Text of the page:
When examining farmland values, we often discuss the economic fundamentals of earnings and interest rates – opportunity costs. When we look at those two measures, one can see some of the reasons for optimism. Cash rents often serve as a proxy for farmland earnings. Figure 1 shows the average cash rent on average-quality Indiana farmland from 2010 to 2020. Cash rents in 2020 increased to $217 per acre, their greatest level since 2015 and on par with levels seen in 2012. Part of the reason for increased cash rents is the influx of federal farm-program payments as well as the recent increases in crop prices. Both factors caught many by surprise. Given the magnitude of the farm-economy turnaround, we should probably expect rents will increase even more in 2021. If that happens expect it to be very supportive of farmland values.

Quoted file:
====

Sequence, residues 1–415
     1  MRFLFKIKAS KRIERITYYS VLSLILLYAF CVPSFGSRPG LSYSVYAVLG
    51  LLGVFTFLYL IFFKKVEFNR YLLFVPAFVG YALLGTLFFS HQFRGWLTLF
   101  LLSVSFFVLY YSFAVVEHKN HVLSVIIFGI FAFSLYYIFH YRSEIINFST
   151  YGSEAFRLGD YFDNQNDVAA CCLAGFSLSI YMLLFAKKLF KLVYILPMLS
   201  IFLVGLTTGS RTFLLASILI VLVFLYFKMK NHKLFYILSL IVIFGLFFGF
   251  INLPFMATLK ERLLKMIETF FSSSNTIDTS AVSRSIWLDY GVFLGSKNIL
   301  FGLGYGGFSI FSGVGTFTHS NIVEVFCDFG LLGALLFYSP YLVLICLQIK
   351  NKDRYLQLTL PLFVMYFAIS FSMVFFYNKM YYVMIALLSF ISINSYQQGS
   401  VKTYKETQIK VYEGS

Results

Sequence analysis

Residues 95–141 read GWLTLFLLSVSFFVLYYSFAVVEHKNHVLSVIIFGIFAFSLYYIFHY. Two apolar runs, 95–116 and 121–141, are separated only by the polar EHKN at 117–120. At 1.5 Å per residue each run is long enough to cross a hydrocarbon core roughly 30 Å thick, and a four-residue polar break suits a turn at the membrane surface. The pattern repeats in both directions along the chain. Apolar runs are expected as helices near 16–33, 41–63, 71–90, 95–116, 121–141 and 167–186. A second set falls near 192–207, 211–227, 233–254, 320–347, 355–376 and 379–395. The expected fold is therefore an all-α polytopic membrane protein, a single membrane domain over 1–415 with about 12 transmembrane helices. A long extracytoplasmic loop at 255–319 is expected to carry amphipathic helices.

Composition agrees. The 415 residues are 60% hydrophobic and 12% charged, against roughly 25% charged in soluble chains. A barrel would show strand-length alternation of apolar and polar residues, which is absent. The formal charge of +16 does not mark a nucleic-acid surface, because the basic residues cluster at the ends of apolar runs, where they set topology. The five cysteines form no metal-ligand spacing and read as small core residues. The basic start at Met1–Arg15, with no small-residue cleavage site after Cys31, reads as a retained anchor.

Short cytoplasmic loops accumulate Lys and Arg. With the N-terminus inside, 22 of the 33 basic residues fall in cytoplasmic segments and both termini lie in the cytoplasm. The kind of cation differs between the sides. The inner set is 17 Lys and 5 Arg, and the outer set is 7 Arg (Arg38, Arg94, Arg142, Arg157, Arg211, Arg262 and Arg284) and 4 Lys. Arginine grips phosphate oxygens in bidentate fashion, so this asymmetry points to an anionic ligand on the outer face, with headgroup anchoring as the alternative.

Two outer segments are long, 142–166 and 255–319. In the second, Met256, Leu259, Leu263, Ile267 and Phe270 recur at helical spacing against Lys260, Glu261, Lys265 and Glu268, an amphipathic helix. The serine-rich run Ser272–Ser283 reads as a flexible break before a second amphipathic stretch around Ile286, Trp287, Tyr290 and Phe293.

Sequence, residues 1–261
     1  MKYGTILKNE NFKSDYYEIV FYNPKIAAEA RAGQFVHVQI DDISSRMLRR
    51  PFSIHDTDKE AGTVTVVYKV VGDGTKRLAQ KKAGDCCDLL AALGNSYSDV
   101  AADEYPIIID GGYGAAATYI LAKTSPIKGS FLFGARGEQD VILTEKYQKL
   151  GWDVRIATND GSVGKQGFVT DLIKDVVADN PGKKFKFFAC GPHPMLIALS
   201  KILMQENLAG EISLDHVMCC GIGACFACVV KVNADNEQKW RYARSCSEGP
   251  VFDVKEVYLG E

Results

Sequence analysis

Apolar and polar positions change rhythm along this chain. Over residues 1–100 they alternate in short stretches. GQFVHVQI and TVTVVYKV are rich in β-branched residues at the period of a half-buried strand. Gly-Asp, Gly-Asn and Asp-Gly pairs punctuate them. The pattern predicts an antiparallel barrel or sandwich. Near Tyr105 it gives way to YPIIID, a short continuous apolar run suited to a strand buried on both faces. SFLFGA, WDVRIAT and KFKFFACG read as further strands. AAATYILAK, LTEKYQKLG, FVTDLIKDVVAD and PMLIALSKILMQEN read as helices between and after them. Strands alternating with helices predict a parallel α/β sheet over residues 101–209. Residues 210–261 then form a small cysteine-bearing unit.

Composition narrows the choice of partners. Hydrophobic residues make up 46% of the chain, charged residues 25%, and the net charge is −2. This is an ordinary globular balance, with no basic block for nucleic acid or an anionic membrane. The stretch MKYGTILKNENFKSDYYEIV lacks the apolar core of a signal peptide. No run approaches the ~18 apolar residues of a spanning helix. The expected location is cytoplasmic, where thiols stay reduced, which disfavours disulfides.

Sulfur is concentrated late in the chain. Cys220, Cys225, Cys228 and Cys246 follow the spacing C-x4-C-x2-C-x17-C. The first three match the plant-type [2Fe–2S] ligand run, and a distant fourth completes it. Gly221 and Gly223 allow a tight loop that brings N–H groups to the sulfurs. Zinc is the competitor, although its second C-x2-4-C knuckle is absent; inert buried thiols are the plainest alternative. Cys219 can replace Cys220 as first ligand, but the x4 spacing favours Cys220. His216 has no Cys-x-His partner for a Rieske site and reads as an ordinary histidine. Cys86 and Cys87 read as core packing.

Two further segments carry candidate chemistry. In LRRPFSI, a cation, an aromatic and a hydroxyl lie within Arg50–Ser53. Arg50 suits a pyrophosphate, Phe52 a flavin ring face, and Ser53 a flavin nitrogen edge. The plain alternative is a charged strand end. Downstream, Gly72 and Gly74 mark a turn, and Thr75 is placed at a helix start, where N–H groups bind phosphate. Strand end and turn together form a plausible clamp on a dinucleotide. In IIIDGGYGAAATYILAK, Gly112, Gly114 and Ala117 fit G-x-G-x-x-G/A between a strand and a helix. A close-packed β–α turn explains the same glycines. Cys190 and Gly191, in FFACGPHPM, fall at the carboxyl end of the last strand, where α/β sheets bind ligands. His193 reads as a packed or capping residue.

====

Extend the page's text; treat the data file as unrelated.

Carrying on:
Beyond dollars per acre, another way of looking at rent is relative to the bushels of production that one expects from farmland. Rent per bushel has decrease quite significantly from 2015 to the present. That largely occurred as cash rents decreased due to reduced commodity prices, but the increase in expected yield decreased that slightly. For example from 2010 to 2020, expected corn yield increased from 155 to 180 bushels per acre. That’s to say the per-acre increased prices that cash rents hit in 2013-2015 would not be the same “per bushel” equivalent given 2021 yield expectations.